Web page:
Utility Week

Uberflip 15 11 13

Utility Week - authoritative, impartial and essential reading for senior people within utilities, regulators and government

Issue link: https://fhpublishing.uberflip.com/i/209844

Contents of this Issue


Page 19 of 31

Finance & Investment Investor view Bruce Huber and Gerard Reid "Utilities cannot buy renewable assets at prices that enable them to generate sufficient returns to keep their shareholders happy" O ne of the greatest challenges facing utilities is the rising cost of capital, as highlighted in Alexa Capital's recent report: UK Energy Perspective – Is there a Better Way Forward? Higher costs compound pressures on management at a time when utilities are facing imperatives to lower prices and move towards cleaner fuel sources. The pressures are becoming extreme in Europe where policy change has been significant and we are seeing most of the major European utilities cost-cutting and restructuring, leading to asset sales and portfolio repositioning. On the positive side, feed-in tariffs (FITs) and increasingly prevalent long-term power purchase offtake contracts are revolutionising the power landscape. These offtake structures are facilitating massive capital investment into the energy sector, especially in renewables which, with their zero marginal costs and priority grid access, have pushed down wholesale prices across the region. In the case of Germany, the vast majority of the 70GW renewable capacity developed over the past decade has been financed by private individuals or institutional investors (either directly or indirectly through funds), with less than 10 per cent owned by Germany's "big four" utilities. How did this come about? The answer is simple and gets to the core of the "FIT revolution". Utilities could not buy renewable assets at prices that enabled them to generate sufficient returns to keep their shareholders happy. These returns are around 10 per cent, while the average FIT investor will take 7 per cent or less. Currently, there are pension funds and investment trusts buying German, French and UK assets at equity return levels of between 4 and 7 per cent. Meanwhile, utilities across Europe are required to pay dividends often above these levels to retain shareholder support. What does this mean? If a megawatt of power capacity costs €1 million, a pension fund requires only €40,000 a year in returns, while the utility requires €100,000. So why should the public pay a utility so much to invest in generation, and is there a solution? A few months ago NRG Energy, the largest independent generator in the US, took a notable step by spinning out certain assets into a unit called NRG Yield. NGR Yield comprises 2.5GW of generation assets (including 414MW of solar and wind) supported by long-term power purchase agreements. Investor demand drove a 20 per cent share price increase, implying that new investors will receive a yield below 4 per cent. And what does NRG get out of the transaction? Capital, plus continued control and management fees. The maths are compelling. Bruce Huber and Gerard Reid, Alexa Capital LLP 20 | 15th - 21st November 2013 | UTILITY WEEK Analysis UBS's alternative manifesto Forget price freezes if you want to reduce energy prices, says Swiss bank UBS. By Connor McGlone. E veryone's an energy policy expert these days, but some have stronger credentials than others when it comes to judging whether or not they should be listened to. Among that number is the prestigious Swiss bank UBS, which this week became the latest to offer an alternative manifesto to Labour's popular but investor- spooking 20-month price freeze plan. While its analysts agree with Labour's diagnosis up to a point, their proposed cure will appeal more to climatesceptic Conservative instincts. Soaring energy prices are a threat, according to UBS models. If current "gold-plated" policies are maintained, they say UK household energy bills will have seen a rise of around 260 per cent by 2020 from 2004's levels. Attacking profits is not the answer, the banks experts argue in their report Freezing Energy Tariffs Without the Gimmicks". The report says: "Criticising retailers may be politically popular, but we believe retail margins, at under 5 per cent, are the wrong target if sustained consumer benefit is the aim. "Even if retail margins were cut to zero, this would be more than offset by just a single year of rises in government and network charges. Also, we believe tariff freezes and other punitive measures could actually raise energy bills longer term." The report's author, Stephen Hunt, says there are solutions which could cut retail tariffs to 2020 by 5 per cent in real terms while still attracting the required investment. A policy framework to do this would include extending the deadline for the Energy Company Obligation energy efficiency programme, with no consumer-funded follow-on and focusing on additional biomass conversion capacity instead of offshore wind. UBS also suggests trimming the 2020 renewable energy target from 30 per cent to 27.5 per cent and using the revenues raised from the carbon price floor to subsidise domestic tariffs. UBS has also made forecasts based on Labour's proposed policies if the party was elected in 2015. Of the two largest energy companies, UBS estimates Centrica's value would drop by 13p a share and SSE's value would be cut by 54p a share. However, UBS prefers SSE to Centrica because it believes the former is oversold compared with the latter when valuing the Labour freeze. "Although not riskless, we believe SSE remains attractive relative to Centrica and its European peers, and in absolute terms. We reiterate our 'buy' rating on SSE and our 'neutral' call on Centrica," said the bank.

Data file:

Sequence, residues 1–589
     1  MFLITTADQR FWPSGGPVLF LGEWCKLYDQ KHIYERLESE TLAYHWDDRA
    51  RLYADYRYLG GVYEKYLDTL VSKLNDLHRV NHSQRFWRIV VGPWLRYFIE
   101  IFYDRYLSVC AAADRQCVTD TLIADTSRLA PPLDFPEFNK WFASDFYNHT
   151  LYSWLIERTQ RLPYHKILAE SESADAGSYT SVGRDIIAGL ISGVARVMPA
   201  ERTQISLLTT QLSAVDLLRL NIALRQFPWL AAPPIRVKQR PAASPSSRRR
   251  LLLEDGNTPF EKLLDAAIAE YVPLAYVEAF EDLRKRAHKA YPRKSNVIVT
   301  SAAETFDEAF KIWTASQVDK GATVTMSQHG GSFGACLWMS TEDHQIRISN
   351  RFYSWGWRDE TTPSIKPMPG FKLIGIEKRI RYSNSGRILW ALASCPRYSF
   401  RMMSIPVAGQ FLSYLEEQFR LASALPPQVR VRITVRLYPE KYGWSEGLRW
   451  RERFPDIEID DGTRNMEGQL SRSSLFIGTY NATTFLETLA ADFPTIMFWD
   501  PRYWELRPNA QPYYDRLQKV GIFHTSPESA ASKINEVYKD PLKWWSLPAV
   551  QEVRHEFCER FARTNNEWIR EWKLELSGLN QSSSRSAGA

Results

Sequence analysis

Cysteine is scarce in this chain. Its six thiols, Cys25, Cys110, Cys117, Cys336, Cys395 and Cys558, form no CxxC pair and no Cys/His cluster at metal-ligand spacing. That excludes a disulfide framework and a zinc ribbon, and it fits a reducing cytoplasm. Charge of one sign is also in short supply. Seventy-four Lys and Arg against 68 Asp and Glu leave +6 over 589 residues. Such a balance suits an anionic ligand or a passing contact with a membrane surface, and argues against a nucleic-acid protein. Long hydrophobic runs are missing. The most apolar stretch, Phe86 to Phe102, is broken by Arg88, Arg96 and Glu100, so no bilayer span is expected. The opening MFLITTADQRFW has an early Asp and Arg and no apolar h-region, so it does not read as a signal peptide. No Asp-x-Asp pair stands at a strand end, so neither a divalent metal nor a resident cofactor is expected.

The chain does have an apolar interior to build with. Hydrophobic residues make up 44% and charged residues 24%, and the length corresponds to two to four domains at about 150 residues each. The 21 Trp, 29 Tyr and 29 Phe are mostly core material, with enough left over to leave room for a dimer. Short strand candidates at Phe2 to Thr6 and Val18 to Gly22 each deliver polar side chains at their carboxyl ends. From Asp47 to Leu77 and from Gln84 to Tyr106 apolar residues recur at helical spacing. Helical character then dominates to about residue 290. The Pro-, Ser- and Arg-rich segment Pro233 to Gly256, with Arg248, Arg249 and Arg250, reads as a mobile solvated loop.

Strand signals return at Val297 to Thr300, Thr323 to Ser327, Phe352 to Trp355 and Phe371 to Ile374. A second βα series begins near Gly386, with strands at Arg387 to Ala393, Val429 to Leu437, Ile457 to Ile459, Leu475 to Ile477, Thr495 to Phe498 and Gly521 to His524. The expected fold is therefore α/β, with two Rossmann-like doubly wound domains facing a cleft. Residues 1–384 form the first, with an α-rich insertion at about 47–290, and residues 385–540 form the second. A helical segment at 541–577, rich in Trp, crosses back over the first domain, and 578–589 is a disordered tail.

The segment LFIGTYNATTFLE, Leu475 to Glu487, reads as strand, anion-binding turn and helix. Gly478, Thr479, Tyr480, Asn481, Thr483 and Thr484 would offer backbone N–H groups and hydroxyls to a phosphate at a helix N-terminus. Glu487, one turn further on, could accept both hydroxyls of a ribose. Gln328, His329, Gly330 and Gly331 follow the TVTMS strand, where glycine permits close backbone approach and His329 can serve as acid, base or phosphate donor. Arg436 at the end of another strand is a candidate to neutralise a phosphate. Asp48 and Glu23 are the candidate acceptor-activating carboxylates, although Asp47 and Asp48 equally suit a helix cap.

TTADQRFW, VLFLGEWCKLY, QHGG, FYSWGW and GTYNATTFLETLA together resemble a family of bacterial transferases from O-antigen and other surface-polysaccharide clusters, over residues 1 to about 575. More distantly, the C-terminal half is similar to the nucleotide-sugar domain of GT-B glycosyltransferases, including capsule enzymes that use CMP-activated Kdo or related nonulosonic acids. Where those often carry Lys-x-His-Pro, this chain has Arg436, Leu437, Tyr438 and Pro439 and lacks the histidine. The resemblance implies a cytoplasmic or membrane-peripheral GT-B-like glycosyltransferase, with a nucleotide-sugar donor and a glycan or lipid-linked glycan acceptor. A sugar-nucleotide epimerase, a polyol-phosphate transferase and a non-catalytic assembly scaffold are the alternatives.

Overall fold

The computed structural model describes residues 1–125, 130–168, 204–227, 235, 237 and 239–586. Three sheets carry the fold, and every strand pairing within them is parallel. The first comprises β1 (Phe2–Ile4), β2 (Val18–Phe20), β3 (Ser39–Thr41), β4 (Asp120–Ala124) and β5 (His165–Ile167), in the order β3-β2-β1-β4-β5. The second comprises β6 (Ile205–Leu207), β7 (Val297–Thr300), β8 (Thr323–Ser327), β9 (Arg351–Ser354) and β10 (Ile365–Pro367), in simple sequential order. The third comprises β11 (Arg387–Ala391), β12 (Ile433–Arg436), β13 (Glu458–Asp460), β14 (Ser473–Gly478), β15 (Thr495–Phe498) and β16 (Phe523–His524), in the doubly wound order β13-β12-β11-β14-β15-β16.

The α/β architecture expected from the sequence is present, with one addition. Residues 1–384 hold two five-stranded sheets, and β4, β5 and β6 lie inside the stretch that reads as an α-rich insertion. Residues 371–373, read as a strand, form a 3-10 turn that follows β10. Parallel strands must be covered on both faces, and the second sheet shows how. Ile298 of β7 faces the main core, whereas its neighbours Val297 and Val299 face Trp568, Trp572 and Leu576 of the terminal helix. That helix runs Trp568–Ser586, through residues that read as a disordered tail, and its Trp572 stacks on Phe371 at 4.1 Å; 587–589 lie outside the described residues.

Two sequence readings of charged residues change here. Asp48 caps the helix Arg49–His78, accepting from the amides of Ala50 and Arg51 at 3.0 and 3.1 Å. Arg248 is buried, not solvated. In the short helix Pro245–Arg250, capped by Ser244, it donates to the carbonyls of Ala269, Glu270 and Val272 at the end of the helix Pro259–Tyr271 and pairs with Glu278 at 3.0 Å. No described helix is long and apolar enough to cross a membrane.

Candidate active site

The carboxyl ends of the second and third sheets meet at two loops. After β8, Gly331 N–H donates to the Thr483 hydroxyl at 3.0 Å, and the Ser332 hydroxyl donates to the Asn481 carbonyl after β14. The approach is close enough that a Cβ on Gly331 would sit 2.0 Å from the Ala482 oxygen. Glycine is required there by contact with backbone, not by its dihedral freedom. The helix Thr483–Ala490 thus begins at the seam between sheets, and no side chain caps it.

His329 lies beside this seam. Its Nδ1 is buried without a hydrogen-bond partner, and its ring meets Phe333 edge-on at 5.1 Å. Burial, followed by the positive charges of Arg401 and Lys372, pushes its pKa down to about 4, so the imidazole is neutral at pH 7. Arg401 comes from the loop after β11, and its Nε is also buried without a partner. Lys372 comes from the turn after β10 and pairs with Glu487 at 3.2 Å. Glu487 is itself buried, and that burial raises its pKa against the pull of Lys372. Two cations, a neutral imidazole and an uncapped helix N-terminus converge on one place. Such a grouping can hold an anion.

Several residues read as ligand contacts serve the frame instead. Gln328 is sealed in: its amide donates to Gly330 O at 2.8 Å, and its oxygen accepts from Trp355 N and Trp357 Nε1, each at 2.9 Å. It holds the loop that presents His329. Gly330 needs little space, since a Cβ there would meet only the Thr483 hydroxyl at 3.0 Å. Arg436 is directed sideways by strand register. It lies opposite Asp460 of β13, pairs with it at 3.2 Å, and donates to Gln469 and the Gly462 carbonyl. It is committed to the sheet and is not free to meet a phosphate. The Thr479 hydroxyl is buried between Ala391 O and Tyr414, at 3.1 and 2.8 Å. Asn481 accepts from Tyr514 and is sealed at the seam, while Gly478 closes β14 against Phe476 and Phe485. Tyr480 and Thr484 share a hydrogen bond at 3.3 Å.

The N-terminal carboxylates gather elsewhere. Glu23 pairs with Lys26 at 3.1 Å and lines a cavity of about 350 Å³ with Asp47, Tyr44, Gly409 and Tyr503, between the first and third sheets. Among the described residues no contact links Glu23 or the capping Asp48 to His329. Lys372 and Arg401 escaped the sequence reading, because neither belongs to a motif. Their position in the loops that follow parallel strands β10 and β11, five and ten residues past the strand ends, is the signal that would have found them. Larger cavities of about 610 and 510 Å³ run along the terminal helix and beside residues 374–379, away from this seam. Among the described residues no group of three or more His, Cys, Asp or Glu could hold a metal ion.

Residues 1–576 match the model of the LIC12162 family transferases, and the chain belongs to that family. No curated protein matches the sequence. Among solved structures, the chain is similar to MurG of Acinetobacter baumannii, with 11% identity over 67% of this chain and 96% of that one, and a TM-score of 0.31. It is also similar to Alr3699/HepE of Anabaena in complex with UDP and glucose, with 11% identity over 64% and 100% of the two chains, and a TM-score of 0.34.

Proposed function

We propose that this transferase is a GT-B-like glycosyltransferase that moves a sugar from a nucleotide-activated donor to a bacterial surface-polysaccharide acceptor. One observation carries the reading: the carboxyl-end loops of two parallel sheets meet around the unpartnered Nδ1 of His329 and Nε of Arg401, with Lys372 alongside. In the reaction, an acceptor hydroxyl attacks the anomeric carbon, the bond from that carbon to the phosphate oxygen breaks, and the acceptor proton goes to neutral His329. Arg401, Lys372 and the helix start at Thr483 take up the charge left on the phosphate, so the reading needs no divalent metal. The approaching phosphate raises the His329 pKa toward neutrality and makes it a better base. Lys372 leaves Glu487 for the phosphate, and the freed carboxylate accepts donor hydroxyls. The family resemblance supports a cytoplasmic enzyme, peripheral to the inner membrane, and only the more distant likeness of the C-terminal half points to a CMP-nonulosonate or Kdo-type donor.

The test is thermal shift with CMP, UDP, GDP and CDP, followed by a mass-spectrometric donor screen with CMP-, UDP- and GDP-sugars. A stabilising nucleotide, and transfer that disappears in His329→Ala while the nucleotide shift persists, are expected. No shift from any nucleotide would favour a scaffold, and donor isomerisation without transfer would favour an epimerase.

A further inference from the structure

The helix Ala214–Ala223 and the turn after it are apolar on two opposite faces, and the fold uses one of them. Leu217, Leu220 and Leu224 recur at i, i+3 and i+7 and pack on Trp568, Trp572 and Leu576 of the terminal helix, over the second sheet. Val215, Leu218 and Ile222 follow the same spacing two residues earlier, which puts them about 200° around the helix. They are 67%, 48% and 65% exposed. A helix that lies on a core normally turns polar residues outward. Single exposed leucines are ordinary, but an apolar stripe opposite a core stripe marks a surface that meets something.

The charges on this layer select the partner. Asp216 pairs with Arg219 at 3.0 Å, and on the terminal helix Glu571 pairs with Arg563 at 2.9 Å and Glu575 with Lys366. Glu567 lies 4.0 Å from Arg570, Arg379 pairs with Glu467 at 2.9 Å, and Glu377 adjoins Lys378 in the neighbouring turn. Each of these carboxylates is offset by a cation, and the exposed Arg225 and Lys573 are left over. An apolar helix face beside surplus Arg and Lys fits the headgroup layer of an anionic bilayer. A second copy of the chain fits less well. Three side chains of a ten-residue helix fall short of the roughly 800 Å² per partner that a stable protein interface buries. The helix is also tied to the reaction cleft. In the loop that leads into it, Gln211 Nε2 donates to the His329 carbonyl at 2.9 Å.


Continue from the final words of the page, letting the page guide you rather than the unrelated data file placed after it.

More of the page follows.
Articles in this issue

Archives of this issue

view archives of Utility Week - Uberflip 15 11 13